As with previous viewership surveys, this 2009 Viewership Survey of cable subscribers in the City of Tampa reveals a substantial, knowledgeable and satisfied base of viewers for CTTV. To be sure, there are interesting and useful differences and distinctions to be drawn from a comparison of this survey with those conducted previously, some of which are highlighted in this report. However, it should be remembered that these differences and distinctions take place within the overall context of a community and viewership base indicating it is being well served by and largely satisfied with City of Tampa Television.
While viewership and awareness levels have dipped from 2007 levels, they have done so on the heels of a major disruption in the day to day viewership habits and behaviors of many CTTV viewers. In December of 2007, CTTV was moved from channel 15 to channel 615 on the Bright House Networks channel lineup.
It is, therefore, important and useful to view current viewership and awareness levels in this environment and recognize these dips in viewership as relative and explainable. Just as a popular Main Street restaurant must rebuild its customer base after relocation to a suburban shopping mall, so too, must CTTV work to recapture those viewers who once watched but are not currently viewing on the higher "suburban" channel location, as well as, continue efforts to attract new viewers. Given the successful CTTV efforts to increase viewership and awareness in the past, it is reasonable to expect gains in the future as continued marketing and public education efforts take place.
It is also important to note that viewership levels in the mid 30% range and awareness levels in the mid 50% range represent very good solid levels. Tens of thousands of Tampa households are aware of and continue to watch City of Tampa Television.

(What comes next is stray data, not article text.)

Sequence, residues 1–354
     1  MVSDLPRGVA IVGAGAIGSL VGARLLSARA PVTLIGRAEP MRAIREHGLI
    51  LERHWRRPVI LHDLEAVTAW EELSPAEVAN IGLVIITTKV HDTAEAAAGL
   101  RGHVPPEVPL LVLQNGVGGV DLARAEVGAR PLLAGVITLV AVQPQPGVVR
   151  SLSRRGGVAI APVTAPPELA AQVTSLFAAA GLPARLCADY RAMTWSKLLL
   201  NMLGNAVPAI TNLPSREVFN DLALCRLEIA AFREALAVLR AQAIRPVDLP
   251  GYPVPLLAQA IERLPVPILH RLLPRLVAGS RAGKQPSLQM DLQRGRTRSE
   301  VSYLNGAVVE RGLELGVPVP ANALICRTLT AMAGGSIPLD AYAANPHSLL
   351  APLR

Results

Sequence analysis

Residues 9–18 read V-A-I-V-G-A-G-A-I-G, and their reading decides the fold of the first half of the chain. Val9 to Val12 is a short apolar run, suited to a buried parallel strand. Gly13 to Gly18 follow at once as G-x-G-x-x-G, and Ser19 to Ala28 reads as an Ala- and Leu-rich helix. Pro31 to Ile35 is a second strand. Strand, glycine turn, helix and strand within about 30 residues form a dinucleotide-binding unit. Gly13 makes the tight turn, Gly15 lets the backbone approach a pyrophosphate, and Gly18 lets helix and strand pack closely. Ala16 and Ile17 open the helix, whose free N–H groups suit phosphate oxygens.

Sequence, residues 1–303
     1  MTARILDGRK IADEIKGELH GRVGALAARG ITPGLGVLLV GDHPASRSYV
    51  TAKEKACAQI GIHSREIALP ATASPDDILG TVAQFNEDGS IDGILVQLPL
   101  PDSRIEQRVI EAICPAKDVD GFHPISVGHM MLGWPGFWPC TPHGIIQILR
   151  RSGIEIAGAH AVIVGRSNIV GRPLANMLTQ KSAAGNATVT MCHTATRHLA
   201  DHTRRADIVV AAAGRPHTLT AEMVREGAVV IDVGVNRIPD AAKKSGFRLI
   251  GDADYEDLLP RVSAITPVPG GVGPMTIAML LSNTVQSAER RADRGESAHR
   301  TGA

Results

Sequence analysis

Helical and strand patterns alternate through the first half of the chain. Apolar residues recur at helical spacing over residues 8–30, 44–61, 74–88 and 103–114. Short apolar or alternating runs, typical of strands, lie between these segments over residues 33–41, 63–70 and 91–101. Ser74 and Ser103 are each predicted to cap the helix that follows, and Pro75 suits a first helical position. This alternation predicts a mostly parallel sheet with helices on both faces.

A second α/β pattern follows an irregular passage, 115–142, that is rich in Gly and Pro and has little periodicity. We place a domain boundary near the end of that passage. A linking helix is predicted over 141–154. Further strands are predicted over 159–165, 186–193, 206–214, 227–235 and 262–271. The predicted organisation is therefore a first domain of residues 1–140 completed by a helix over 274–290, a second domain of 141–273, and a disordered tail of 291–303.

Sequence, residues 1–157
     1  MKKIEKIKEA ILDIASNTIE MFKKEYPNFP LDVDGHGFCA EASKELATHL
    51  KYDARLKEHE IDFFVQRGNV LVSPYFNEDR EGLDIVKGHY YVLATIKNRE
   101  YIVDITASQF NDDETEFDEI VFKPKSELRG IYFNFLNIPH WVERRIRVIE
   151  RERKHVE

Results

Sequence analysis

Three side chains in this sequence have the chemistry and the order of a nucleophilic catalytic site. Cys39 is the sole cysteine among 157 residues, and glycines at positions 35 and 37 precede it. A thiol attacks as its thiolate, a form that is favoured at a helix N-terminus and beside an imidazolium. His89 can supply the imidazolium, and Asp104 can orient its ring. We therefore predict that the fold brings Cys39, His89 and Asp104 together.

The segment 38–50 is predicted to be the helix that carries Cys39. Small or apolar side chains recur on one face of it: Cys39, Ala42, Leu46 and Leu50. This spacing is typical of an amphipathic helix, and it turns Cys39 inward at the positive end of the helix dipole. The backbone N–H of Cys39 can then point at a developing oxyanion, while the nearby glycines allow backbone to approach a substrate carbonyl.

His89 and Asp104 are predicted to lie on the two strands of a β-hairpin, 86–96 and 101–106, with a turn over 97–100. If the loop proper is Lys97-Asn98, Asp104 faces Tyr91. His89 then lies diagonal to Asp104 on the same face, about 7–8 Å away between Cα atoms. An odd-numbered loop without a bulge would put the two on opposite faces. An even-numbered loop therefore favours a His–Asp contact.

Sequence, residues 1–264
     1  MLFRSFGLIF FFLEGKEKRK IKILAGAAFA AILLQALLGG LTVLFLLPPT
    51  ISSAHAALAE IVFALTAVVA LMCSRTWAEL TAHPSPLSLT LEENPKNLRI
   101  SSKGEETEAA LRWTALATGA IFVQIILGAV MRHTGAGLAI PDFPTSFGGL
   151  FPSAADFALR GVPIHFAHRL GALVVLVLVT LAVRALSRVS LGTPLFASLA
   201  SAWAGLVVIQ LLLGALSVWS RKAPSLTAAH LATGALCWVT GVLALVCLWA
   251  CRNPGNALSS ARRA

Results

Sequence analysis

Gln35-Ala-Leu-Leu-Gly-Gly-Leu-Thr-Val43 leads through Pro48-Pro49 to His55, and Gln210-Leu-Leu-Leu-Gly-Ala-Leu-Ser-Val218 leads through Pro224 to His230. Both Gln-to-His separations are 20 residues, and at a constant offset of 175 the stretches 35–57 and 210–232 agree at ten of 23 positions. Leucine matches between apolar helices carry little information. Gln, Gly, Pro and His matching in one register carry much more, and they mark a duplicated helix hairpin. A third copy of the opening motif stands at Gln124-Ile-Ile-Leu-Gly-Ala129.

Further, it is clear that viewers, on balance, continue to value the services and approach employed by CTTV. Indeed, these viewers appear to approve of and value the job CTTV is doing to an even greater extent than shown in previous surveys. As shown by the graph below, when asked to give a grade for how well each of five statements describe the services provided by CTTV (see pages 13-14 for a description of statements utilized), a material improvement in the mean or average grade received was observed in this survey compared to the 2007 viewership survey.
Finally, continued information gathering and viewership research should prove especially valuable in the current economic context of doing more with less while maintaining already high levels of service and should provide valuable guidance as City of Tampa Television examines and refines its programming lineup, services and delivery methods to continue to be relevant to and communicate with more and more residents of this diverse, vibrant community.